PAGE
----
Wednesday, April 1, 2009
Spend any time with people that work primarily in the digital media and you’ll find that their focus is extraordinarily narrow.
If it ain’t digital it ain’t worth spending time with, seems to be their modus operandi.
Now don’t get me wrong, I’m a big fan of doing it digital, but it’s not the solution to everything that the digerati would have us believe it to be.
Take the Yellow Pages for example. I’ve tried the online version, several times in fact, but I still prefer the book.
I’m happy leafing through the pages, scanning the ads, till I see a couple that meet my needs. As opposed to typing in a search term and having “recommendations” served up to me.
The digital divas can present as much evidence as they want about the amazing algorithms behind search recommendations, but if I wanted a recommendation I’d ask someone I trust. Not a computer.
A great case in point was when I needed to get a service done on my air conditioners during the heatwave that hit Melbourne a few months back.
Surprisingly we didn’t have a copy of the Yellow Pages book at work. So I had to resort to the online version. Which soon had me hotter under the collar than the 43-degree day I was suffering through.
Sensing my frustration, one of my colleagues asked if he could help.
I told him about my air conditioner problem and he promptly recommended a tradesman who had installed an air-con unit for him a couple of months earlier.
He told me the name. I typed it into to Google. A few minutes later I had a service call booked. Easy!
In essence, I had used what I’d call an analogue form of social media to solve my problem.
After all, social media is all about interaction and sharing with other people. Which is what I had just done. It’s just that I didn’t use a computer to do it. Although I did when it came to finding the phone number, obviously.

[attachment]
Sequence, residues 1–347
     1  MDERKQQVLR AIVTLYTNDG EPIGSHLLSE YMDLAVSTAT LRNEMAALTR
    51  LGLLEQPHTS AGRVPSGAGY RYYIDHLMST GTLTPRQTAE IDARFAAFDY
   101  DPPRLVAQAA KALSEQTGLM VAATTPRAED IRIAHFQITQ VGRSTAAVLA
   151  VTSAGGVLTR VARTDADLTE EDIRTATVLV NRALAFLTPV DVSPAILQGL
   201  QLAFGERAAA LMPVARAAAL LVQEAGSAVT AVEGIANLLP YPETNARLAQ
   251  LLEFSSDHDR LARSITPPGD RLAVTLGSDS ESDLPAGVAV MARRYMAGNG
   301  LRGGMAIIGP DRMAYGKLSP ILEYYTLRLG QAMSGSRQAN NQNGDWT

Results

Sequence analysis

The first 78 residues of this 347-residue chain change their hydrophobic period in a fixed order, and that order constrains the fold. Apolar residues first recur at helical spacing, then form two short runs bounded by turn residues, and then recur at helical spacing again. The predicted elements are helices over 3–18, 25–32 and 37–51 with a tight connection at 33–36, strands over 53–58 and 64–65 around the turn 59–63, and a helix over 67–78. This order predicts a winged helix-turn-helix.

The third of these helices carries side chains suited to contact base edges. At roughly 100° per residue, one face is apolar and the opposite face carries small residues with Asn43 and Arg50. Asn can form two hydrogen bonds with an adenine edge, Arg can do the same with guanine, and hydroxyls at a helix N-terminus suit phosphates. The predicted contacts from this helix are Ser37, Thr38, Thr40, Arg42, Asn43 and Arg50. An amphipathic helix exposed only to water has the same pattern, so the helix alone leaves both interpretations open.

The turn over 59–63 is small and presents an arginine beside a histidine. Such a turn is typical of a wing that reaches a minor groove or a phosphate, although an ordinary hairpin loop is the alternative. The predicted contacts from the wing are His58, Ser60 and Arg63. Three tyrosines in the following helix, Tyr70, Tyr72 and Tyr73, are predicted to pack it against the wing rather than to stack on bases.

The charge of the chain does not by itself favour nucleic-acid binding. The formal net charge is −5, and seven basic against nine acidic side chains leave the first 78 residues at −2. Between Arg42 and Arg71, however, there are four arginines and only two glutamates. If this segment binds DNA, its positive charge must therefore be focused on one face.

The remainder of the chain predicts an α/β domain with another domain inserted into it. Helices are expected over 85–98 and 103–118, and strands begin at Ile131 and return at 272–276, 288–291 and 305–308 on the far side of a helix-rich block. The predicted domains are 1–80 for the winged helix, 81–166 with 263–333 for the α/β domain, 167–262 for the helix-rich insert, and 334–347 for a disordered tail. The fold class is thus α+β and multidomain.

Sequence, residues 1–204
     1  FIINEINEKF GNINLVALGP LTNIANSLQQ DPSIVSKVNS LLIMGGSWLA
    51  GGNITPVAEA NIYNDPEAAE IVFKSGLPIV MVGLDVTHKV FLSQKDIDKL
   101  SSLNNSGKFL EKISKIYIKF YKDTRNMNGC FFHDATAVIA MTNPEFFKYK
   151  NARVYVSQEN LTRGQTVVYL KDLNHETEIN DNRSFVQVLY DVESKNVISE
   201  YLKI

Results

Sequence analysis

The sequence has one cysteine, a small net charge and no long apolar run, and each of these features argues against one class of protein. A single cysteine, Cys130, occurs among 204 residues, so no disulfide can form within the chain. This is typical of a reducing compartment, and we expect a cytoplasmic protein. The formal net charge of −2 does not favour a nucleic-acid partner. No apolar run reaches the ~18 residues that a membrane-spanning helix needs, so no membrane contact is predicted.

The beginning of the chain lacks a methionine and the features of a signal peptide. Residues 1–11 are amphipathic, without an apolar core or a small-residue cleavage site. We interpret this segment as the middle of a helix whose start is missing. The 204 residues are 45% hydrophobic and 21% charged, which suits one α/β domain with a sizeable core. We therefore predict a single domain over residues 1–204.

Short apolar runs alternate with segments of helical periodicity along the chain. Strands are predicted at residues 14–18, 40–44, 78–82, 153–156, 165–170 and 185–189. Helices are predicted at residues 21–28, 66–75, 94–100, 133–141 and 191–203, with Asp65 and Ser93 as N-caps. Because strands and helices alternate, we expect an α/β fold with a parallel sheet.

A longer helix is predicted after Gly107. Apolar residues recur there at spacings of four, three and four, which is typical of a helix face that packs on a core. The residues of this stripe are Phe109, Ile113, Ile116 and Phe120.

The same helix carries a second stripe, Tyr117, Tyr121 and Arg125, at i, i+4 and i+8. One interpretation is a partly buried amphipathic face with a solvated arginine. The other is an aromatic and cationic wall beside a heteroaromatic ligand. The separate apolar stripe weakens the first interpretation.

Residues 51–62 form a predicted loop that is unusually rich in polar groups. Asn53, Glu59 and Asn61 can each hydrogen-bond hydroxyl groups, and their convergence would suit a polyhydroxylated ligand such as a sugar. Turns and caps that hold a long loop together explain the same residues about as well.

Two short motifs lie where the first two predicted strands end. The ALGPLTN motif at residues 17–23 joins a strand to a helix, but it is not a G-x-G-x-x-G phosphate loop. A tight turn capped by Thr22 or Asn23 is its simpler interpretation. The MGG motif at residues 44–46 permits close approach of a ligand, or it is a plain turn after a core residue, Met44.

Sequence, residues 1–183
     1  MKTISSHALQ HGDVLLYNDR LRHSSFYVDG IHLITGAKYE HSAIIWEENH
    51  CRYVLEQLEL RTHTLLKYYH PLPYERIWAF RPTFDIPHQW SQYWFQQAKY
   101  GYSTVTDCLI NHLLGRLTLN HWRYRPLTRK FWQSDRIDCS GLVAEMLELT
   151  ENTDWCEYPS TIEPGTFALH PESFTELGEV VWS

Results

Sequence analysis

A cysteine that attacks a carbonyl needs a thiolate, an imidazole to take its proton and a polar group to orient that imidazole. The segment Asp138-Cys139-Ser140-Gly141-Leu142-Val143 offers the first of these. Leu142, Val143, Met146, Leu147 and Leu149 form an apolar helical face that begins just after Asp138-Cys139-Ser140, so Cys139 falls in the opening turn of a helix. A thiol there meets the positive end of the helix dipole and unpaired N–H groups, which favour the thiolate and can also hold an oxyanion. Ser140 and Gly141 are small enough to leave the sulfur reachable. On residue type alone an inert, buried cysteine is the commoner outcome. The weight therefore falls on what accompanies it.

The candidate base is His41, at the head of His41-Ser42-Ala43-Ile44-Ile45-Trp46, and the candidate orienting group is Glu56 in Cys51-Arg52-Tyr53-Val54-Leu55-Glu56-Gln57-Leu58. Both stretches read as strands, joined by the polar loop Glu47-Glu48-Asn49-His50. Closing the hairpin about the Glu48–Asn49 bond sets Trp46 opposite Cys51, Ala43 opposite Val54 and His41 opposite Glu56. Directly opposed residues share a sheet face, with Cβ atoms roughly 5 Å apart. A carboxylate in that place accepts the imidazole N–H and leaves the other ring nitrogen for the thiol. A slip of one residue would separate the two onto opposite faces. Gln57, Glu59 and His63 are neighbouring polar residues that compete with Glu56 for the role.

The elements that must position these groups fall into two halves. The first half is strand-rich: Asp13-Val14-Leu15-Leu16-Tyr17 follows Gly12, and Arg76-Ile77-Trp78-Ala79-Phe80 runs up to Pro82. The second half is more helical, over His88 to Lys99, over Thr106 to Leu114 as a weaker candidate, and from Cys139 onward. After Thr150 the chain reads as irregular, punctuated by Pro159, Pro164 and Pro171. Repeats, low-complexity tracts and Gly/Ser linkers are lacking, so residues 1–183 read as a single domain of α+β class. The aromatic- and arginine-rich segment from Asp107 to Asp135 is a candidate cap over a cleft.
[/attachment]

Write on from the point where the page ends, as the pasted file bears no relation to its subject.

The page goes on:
Which got me thinking about a way to combine social media style personal recommendations with a powerful search engine.
So I did a bit of a search using Twitter. Yes Twitter. It’s a great way to see what people are talking about.
And it seems I wasn’t the only person who had been thinking about a social media search engine combo. Apparently all the big guns in search are looking into it.
For something like this to succeed however, brands need to be comfortable with the fact that not everyone has something positive to say about them.
An interesting example of what I imagine will ultimately come to be termed social search, is Rowdii.com which originated here in Australia.
This new search engine allows you to comment on the links that are returned in a search. I gave it a plug on my blog a little while back, which resulted in some interesting comments:
“I'm curious to see if it’s gonna catch on,” wrote Morgan Coudray. I suspect he’s not the only one.
Nathan Bush also commented. He thought, “Google's system of a quick 'yay' or 'nay' to be more enticing.” However he also acknowledged that social search was, “Definitely a new trend.”
And that well known blog commenter, Anonymous, had this to say; “Makes me think we may see a Facebook search tool. Something that lets you search the web and share your results etc with friends.”
Now there’s a great idea, if ever I saw one. In fact I wouldn’t be surprised if a bunch of kids are sitting in their bedrooms working on it right now.
Which brings me back to my opening comment about digital not always being the answer.
A search engine that makes recommendations based on algorithms will never be able to make suggestions to you as good as those that your friends make.
But a search engine that enables human beings to comment or make recommendations is sure to be a success. At least until the next big thing comes along!